They are massively not politically correct, and it's disturbing. You can load in tons and tons of demographic data, and it's disturbing when you see percent black in a zip code and percent Hispanic in a zip code be more important than borrower debt-to-income ratio when you run a credit model. When you see something like that, you're like, “Ooh, that's not good.” Because the frightening thing is that even if you remove those specific variables, if the signal is there, you're going to find correlates with it all the time, and you either need to have a regulator that says, “You can use these variables, you can't use these variables,” or, I don't know, we need to change the law.

As a data scientist I would prefer if that did not come out in the data. I think it's a question of how we deal with it. But I feel sensitive toward the machines, because we're telling them to optimize, and that's what they’re coming up with.

They’re describing our society.

Yeah. That's right, that's right. That's exactly what they’re doing. I think it's scary. I can tell you that a lot of the opportunity those FinTech companies are finding is derived from that kind of discrimination, because if you are a large enough lender, you are going to be very highly vetted, and if you're a very small lender you're not.

Take SoFi, for example. They refinance the loans of people who went to good colleges. They probably did not set up their business to be super racist, but I guarantee you they are super racist in the way they're making loans, in the way they're making lending decisions.

Is that okay? Should a company like that exist?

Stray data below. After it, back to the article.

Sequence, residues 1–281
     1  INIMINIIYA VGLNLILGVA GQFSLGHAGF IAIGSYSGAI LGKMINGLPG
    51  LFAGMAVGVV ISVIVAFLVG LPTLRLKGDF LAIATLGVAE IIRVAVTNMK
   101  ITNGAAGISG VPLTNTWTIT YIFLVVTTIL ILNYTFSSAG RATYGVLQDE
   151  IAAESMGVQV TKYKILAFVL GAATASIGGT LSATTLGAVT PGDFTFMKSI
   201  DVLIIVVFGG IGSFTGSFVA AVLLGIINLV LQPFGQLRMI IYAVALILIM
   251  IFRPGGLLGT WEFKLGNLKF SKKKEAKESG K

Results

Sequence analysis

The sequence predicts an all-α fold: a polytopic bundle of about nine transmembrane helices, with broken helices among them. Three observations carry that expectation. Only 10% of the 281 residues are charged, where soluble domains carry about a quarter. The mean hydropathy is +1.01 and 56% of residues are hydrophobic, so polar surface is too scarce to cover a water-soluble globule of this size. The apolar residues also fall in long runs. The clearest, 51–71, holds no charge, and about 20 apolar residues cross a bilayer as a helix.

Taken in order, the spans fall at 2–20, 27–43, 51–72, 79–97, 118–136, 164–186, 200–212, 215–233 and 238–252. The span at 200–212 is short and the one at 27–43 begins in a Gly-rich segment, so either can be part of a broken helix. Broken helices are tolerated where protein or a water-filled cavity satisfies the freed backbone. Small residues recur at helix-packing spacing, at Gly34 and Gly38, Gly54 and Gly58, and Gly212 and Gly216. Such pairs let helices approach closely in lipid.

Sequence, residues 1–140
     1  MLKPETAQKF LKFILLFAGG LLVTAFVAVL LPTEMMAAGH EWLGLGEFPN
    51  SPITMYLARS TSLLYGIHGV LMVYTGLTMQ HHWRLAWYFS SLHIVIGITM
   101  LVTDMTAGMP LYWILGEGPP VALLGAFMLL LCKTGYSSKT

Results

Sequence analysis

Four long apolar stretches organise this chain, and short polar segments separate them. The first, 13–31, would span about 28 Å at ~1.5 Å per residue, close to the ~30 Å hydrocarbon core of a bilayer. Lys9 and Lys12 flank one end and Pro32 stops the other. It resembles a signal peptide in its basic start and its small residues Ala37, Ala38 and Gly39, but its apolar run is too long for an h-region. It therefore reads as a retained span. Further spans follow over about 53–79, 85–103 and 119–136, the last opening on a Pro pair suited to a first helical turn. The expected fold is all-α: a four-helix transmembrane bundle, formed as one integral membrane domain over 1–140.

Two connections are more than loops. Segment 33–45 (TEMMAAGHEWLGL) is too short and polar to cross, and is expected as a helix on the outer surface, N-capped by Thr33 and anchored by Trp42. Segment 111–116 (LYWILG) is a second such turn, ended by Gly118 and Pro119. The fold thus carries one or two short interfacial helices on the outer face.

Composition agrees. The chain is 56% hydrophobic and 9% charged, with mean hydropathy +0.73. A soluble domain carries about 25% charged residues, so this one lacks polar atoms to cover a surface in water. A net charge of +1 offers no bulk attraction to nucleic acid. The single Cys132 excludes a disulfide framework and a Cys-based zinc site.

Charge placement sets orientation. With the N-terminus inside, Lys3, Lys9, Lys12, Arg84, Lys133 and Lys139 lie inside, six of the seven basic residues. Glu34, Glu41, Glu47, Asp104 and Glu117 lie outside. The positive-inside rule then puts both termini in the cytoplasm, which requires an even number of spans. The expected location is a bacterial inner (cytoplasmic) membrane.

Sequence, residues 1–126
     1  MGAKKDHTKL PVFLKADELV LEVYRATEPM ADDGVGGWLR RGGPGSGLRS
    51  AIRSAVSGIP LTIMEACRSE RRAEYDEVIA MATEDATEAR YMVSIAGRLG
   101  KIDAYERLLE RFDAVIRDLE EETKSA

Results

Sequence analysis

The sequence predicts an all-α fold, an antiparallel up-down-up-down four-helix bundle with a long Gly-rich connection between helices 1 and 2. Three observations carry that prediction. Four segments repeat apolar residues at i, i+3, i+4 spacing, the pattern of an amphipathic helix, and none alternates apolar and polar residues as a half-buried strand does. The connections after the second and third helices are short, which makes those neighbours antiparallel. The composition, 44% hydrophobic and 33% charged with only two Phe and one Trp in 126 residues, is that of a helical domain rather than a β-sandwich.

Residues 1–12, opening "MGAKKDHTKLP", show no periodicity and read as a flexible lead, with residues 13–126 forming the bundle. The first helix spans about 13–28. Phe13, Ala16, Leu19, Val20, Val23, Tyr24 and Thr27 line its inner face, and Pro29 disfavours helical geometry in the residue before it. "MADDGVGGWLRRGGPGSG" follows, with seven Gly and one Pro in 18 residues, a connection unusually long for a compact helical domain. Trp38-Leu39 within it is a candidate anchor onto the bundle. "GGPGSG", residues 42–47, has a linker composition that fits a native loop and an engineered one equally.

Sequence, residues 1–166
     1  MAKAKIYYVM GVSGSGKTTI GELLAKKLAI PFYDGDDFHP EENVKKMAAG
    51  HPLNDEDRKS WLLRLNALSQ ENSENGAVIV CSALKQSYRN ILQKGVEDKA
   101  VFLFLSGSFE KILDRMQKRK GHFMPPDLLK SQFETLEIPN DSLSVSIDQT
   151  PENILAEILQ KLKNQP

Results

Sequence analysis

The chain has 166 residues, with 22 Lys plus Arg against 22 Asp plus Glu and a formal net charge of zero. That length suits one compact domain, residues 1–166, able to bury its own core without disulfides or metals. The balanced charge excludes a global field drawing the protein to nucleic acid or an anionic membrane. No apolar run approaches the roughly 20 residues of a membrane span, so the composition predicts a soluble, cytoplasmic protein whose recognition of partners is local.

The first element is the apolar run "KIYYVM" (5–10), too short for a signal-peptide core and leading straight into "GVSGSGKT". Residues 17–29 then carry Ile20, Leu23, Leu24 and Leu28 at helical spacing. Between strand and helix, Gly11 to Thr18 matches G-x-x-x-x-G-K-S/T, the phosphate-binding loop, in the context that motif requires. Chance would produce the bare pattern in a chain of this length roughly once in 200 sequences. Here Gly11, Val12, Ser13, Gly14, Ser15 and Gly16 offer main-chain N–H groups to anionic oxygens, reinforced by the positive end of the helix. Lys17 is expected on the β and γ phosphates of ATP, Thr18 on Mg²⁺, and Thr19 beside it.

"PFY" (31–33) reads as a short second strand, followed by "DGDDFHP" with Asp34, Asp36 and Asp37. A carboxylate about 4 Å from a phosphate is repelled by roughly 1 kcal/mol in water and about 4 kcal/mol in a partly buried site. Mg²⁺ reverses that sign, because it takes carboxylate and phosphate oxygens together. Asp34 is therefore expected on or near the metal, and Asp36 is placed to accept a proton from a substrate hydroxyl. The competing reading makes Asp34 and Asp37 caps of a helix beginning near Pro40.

I don't know. I can see it both ways. You could say, “They're a company, they're providing a service for people, people want it, that's good.” But at the same time, we have such a shitty legacy of racist lending in this country. It's very hard not to view this as yet another racist lending policy, but now it's got an app. I don't know. I just think that there is going to be a court case in the next ten years, and whatever the result is, it's going to be interesting.

When we talk about FinTech in general, does that refer to something broader than advising investors when to buy and sell stocks, and this new sort of loaning behavior? Or is that the main substance of it?

FinTech may most accurately be described as regulatory arbitrage: startups are picking up pieces that a big bank can't do, won't do, or is just too small for it to pick up. And I think FinTech is going to suffer over the next five years. If there's a single sector that people are going to be less enamored with in five years than they are now, FinTech is definitely the one.

The other side of it is that they're exploiting a hack in the way venture capitalists think. Venture capital as an industry is actually incredibly small relative to the financial system. So if you were starting, I don't know, a company that used big data to make intelligent decisions on home loans—which is probably illegal, but whatever, you're small enough that it's no big deal—and you say, “Hey, we’re doing ten million dollars a year in business,” a venture capitalist will look at them like, “Holy shit, I've never seen a company get up to ten million dollars in business that fast.” The venture capitalist has no idea that the mortgage market is worth trillions of dollars and the startup essentially has none of it. The founder gives a market projection like, “Oh, this is a trillion dollar industry,” and the venture capitalist is like, “Oh, that market is enormous. I've never seen numbers like that before.”